Developing Urban Air Mobility and future-proof cities needs planning, forward-thinking, and just a bit of Serendipity

His startup may physically be in HTC 5 on High Tech Campus Eindhoven, but Jonas Onland lives and works in the future. Air taxis and flying cars may seem like science fiction, but for Onland, founder of Serendipity, these are real-world technologies he’s helping cities and countries prepare for now.

His goal is to help cities use digital tools to prepare for concepts such as climate-neutral cities, circular neighborhoods, and more interconnected communities.

Serendipity is a High Tech Campus Eindhoven-based startup that is all about the big picture. Whether it is Urban Air Mobility, real-time monitoring of cities, developing circular neighborhoods or human-centered services, Serendipity looks at how technology can create positive impacts on the environment, the community and the economy. It imagines what cities should look like a generation from now and helps them lay the digital infrastructure for those changes – not when it’s needed – but now.

To do this, the company has developed its Digital Toolbox, which helps cities choose next-generation solutions that are compliant with the latest and upcoming digital legislation and interoperable. This makes the solutions easy to find, but also helps cities avoid vendor lock-ins, which essentially forces them to continue using a service regardless of quality because switching away from that service is not practical. The Toolbox is the instrument to help cities become adaptive and agile.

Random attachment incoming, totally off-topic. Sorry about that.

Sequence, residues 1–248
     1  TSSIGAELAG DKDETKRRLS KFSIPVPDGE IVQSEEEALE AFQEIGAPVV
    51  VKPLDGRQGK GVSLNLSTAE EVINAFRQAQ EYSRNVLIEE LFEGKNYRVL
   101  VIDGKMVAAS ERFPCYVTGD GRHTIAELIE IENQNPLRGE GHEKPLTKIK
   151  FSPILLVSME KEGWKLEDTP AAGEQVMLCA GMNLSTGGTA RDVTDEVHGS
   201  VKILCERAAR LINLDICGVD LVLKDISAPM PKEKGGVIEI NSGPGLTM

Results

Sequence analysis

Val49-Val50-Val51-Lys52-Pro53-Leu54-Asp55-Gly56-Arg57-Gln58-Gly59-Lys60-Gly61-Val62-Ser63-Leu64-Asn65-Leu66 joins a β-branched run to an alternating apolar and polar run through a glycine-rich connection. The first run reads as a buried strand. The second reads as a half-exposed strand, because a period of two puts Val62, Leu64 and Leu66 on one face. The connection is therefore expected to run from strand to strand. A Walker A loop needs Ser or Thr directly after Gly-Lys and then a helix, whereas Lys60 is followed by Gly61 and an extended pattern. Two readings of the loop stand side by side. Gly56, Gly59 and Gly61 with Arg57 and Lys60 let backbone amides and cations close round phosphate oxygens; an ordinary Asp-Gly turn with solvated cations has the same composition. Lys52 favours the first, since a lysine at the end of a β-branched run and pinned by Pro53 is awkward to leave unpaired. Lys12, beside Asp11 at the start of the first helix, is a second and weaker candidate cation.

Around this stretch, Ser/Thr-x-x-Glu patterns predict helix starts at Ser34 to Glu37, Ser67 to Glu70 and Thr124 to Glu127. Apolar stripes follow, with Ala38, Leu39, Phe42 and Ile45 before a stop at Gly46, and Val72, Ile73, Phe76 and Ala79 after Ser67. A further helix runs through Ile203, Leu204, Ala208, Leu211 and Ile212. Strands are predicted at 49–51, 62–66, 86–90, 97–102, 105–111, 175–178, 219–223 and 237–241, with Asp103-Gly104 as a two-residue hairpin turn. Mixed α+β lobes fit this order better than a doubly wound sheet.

In many cases, these are entirely new concepts, so cities need advice as to how to move forward. That’s why the company also spends a lot of time educating them on next-generation solutions. It helps them set a vision, integrate solutions from its Digital Toolbox and realize new business opportunities from these advancements.

“We get asked all the time ‘Are you a tech company or consultancy company?’” says Onland, Managing Partner and Chief Visionary Officer of Serendipity. “But I don’t want to be labeled. We’re a mix. We advise on strategy and automate the products and services available. We deliver ‘Service as a Product’ to create the impact a society needs.”

In California, Serendipity has advised on building circular neighborhoods that are not only climate net-zero, but also generate energy and produce food. It’s the first step to create “the freemium model of living.” The company has consulted with cities such as Den Bosch about prioritizing nature and, as a benefit, receiving carbon credits to boost their economy and human welfare.

One of the key focus areas of the company is Urban Air Mobility. It works on the big question of how to create an infrastructure for drones and electric vertical take-off and landing aircraft (eVTOLs) in a safe, secure and regulated way. And doing all of this while complying with the regulations of the European Commission.

It’s not just about knowing whose drone is flying where and when, but also about developing defined aerial routes above cities and creating rules for the behavior of aerial vehicles based on European laws.